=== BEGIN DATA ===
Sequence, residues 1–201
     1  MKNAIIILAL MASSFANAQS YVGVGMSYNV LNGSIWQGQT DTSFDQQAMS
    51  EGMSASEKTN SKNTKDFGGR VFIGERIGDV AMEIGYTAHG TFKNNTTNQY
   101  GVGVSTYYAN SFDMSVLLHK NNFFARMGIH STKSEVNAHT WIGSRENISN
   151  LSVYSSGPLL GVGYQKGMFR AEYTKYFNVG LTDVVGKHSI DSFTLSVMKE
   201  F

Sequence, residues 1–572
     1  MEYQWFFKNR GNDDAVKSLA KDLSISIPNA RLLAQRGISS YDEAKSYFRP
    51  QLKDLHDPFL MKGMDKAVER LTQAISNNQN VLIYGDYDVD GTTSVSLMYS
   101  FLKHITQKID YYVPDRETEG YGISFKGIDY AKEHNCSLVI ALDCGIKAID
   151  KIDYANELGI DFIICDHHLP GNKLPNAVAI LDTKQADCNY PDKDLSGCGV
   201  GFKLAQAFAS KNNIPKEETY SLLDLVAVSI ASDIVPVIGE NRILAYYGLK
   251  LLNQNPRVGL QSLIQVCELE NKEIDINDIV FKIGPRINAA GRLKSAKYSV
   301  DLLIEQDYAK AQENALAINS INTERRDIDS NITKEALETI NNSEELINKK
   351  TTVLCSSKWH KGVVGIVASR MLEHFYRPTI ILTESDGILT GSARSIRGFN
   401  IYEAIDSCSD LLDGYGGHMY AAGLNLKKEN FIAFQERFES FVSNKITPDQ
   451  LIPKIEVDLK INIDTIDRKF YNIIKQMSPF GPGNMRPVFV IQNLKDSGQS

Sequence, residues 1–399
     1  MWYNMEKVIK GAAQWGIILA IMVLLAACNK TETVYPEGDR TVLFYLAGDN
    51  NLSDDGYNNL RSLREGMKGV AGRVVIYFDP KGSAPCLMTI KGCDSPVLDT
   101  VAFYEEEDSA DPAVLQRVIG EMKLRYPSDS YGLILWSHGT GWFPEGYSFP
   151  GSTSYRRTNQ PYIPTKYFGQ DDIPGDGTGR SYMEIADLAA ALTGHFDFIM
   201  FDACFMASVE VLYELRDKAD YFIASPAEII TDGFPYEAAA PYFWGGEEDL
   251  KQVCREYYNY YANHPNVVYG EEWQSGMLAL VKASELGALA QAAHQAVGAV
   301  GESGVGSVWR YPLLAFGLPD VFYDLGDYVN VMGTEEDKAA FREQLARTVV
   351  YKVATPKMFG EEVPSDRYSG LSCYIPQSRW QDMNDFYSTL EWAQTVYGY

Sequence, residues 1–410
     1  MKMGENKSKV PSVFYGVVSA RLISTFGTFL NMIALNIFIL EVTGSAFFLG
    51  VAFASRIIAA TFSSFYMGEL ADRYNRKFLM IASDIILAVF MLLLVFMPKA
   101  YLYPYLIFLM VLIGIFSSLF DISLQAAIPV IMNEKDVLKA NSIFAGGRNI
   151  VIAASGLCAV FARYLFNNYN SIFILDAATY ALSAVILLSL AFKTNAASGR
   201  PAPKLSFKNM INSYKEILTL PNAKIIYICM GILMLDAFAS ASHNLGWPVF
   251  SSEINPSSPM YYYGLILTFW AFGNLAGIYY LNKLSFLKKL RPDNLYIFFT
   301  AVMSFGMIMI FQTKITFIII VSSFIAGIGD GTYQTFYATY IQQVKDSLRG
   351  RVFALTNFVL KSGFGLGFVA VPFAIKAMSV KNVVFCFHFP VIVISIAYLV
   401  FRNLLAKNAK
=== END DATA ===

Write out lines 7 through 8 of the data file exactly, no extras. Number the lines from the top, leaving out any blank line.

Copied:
Sequence, residues 1–572
     1  MEYQWFFKNR GNDDAVKSLA KDLSISIPNA RLLAQRGISS YDEAKSYFRP